Lack of experienced midfielder costs Saints
It’s an old football adage that games are won and lost in midfield.
While the crucial moments generally happen inside the box, so much of the mental, physical and technical battle happens in the middle of the park.
Against Livingston in their Betfred Cup semi-final, St Mirren ’s youthful midfield was outfoxed by the West Lothian side’s more experienced grafters, with Marvin Bartley and Jason Holt going on to dominate proceedings.
Despite this, once again on Sunday Goodwin stuck by his talented young players who ultimately were outshone by their Perthshire opponents.
Craig Bryson, 34, and David Wotherspoon, 31, used every year of their combined experience to do both the dirty work and gain control of the tie. They were first to every loose ball and they put their foot in when they needed to.
In contrast, St Mirren’s Jake Doyle-Hayes, 22, and 20-year-old Ethan Erhahon were left chasing shadows at the national stadium.
Erhahon has had a remarkable season, and I’m in no way laying the blame for Sunday’s loss at his door.
Doyle-Hayes, while clearly a very talented young player, has unfortunately tailed off massively since the end of 2020 when he was man of the match on an almost weekly basis.
Once again the Buddies were crying out for an experienced midfielder to put their foot on the ball and gain some control in the tie.
Ryan Flynn, who filled that role superbly in the Paisley side’s stunning 5-1 win over Dundee United at Tannadice, was left kicking his heels on the bench.
Last year’s player of the year Sam Foley, also adept and experienced in that role, was allowed to leave earlier this season and join Motherwell.
St Mirren were crying out for a calm, confident head in the middle of the park to gain a stronger foothold in the tie but one never arrived.
If Goodwin isn’t going to put his trust in Flynn, he needs to find another experienced midfielder to help steer his young stars in the games that matter most.
Finishing touch continues to desert St Mirren
If you’d offered St Mirren boss Jim Goodwin three glorious close-range chances before their semi-final clash with St Johnstone had kicked off, he’d have likely bitten your hand off.
Cup clashes at Hampden Park are so often nervy, tight affairs that are settled by either a moment of magic or a moment of madness.
On Sunday, as well as having a stonewall penalty turned down, the Buddies managed to create three wonderful opportunities to score, two of which would have seen the Paisley side crucially take the lead.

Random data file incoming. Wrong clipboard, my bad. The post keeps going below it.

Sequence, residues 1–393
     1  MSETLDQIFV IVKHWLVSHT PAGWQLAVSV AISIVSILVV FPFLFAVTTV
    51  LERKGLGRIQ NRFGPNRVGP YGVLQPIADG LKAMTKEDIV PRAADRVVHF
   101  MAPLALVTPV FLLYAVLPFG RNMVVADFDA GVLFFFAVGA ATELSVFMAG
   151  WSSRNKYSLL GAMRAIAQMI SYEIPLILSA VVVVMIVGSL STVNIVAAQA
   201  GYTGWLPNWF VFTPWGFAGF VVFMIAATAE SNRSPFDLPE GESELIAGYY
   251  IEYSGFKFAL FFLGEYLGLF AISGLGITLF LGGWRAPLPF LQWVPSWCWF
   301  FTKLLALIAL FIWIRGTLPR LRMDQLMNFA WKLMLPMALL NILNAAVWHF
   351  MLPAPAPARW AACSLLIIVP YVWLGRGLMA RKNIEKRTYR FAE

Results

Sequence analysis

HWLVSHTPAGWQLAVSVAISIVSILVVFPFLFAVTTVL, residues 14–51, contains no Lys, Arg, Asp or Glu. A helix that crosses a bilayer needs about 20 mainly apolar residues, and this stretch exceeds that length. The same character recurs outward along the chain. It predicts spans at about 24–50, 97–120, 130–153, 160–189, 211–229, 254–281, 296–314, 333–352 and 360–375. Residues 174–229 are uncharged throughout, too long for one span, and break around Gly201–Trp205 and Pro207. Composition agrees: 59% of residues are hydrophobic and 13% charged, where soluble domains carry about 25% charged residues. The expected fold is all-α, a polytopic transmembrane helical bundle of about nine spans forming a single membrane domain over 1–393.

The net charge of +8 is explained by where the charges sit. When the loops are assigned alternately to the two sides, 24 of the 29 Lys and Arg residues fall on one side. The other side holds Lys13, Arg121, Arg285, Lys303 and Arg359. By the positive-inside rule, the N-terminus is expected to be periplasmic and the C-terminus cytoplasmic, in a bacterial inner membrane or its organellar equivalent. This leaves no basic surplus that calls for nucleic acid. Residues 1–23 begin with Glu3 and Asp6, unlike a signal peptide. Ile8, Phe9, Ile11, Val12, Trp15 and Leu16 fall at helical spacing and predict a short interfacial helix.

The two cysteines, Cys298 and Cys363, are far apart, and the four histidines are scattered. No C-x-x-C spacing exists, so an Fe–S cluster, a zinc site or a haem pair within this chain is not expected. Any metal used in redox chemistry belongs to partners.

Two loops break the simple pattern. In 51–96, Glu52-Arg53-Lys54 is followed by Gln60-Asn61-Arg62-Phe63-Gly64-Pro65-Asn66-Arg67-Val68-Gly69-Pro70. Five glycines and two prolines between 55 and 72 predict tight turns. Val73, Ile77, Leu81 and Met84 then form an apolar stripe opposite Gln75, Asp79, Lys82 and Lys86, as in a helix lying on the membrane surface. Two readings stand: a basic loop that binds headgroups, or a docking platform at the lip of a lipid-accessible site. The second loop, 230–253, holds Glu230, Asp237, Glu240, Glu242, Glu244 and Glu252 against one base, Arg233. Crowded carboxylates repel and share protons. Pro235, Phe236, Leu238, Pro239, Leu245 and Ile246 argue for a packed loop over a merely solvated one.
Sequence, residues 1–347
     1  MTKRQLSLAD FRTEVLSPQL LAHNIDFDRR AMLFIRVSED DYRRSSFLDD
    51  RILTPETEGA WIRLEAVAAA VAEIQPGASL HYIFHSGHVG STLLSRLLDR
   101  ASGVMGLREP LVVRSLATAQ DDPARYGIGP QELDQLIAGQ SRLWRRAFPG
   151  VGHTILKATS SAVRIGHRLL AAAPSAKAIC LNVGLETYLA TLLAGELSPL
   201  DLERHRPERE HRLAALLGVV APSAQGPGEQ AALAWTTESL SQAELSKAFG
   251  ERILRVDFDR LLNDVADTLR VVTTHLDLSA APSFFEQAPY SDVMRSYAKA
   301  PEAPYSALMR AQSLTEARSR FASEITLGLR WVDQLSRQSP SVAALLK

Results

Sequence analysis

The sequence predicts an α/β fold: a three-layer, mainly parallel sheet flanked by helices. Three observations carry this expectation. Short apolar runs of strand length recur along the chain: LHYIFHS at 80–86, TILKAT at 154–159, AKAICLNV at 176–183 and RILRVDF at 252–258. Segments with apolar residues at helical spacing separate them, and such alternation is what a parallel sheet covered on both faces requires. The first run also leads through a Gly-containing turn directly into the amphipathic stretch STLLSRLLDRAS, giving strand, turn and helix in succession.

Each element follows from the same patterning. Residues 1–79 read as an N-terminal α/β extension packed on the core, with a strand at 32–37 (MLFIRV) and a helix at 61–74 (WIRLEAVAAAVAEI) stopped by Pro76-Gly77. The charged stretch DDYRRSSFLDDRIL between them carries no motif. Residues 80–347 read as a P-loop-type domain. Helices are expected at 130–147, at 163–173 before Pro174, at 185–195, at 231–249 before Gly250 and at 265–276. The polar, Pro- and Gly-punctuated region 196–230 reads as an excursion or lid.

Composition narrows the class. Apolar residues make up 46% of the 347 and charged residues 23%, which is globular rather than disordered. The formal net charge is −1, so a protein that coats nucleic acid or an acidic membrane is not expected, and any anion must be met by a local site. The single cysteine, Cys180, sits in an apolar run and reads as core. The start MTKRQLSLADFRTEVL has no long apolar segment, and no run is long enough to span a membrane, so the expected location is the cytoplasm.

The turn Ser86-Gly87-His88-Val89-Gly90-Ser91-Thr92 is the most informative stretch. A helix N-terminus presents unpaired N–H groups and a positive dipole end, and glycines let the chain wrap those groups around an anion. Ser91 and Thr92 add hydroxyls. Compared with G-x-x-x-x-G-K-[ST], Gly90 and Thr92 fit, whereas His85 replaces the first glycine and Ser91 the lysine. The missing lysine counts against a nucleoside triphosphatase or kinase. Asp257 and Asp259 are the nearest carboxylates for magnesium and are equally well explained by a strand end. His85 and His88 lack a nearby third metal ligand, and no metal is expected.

Lee Erwin’s point-blank miss on the half hour mark was the least embarrasing of the trio, with Zander Clark doing incredibly well to rush out and close down the space to block.
Collin Quaner’s miss in the second half was much less easily forgiven.
Ilkay Durmus, who was sensational throughout Sunday’s tie and who did not deserve to end up on the losing side, put in the kind of cross strikers dream
Yes he had to stretch for it, but he absolutely should have rustled the net to put St Mirren in the lead.
Any football fan worth their salt knows just how important the first goal is in any cup tie, and as soon as he fluffed his lines you feared the worst for the Paisley Saints.
As it was, and not for the first time this season, St Johnstone went on to punish the Buddies’ poor finishing by rattling in two goals in the space of three minutes.
Quaner had the chance to atone with a free header from just outside the six yard box, but again the German couldn’t convert.
Once again, in what has been a common theme this season, the St Mirren strikers simply didn’t deliver when called upon.
Better, but still not quite good enough
Speaking to Jim Goodwin after Sunday’s disappointing defeat was like chalk and cheese compared to following the club’s gutting loss to Livi in the semi-finals of the Betfred Cup.
In that particular game, the Buddies hardly showed up.
They were timid, set up too defensively and lacked the urgency and belief required to make the finals of major trophies.
Sunday’s loss to St Johnstone was a marked improvement on that dismal day, and Goodwin felt that.
While his side ultimately ended up losing out, they created a host of gilt-edged chances against one of the best defences in the league.
They were also robbed of the chance to open the scoring in the first half from the penalty spot, with Jamie McGrath almost odds on to score if Willie Collum had whistled as he should have.
That’s what made Sunday’s loss all the more tough to take.
The Buddies did so much right in the game, only to be undone by their Achilles heel.
In front of goal, they’ve simply not been clinical enough.
Admittedly some of the big decisions Goodwin made backfired.
It’s easy to say in retrospect, but removing Richard Tait at wing-back for winger Dylan Connolly was always going to leave the Buddies more exposed on that left flank. That’s exactly where Glenn Middleton found space to cross for St Johnstone’s opener.
The decision to leave last season’s top scorer Jon Obika on the bench in place of Collin Quaner came back to haunt spectacularly, although no-one could have predicted the striker would be quite so profligate in front of goal.
At the end of the day, Goodwin’s performance as a manager improved as did his players overall.
While they’re still not quite at the level required to make the top six in the league or the finals of major competitions, once again it’s steady progress for the Saints.
I don’t think you can ask for much more than that in this most remarkable of seasons.